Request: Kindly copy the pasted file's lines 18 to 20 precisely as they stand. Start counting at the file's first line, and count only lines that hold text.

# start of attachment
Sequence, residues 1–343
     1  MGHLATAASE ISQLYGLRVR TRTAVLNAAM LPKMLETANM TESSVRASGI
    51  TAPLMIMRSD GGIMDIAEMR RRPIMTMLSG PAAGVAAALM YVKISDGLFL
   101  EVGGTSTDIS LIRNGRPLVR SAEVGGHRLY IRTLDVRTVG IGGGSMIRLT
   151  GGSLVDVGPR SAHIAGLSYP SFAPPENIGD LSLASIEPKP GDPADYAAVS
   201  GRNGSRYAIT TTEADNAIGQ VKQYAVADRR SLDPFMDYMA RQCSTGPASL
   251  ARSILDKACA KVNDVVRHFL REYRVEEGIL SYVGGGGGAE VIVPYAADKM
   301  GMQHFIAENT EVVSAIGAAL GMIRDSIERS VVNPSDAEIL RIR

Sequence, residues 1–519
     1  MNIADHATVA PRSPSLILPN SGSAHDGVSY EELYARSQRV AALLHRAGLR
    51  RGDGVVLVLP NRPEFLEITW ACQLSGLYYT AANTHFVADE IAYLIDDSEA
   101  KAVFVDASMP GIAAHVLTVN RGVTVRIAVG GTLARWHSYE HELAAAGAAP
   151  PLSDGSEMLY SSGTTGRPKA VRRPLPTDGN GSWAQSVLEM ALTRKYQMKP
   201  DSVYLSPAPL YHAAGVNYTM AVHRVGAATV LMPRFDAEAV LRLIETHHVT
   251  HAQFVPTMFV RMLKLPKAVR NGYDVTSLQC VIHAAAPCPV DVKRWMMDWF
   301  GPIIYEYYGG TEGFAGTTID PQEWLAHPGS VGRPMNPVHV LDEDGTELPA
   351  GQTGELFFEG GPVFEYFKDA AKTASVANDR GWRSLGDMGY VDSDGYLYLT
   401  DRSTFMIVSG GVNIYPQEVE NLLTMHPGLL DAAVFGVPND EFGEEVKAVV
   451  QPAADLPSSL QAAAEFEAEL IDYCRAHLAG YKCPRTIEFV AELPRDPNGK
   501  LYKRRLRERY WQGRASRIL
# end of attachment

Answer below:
   401  DRSTFMIVSG GVNIYPQEVE NLLTMHPGLL DAAVFGVPND EFGEEVKAVV
   451  QPAADLPSSL QAAAEFEAEL IDYCRAHLAG YKCPRTIEFV AELPRDPNGK
   501  LYKRRLRERY WQGRASRIL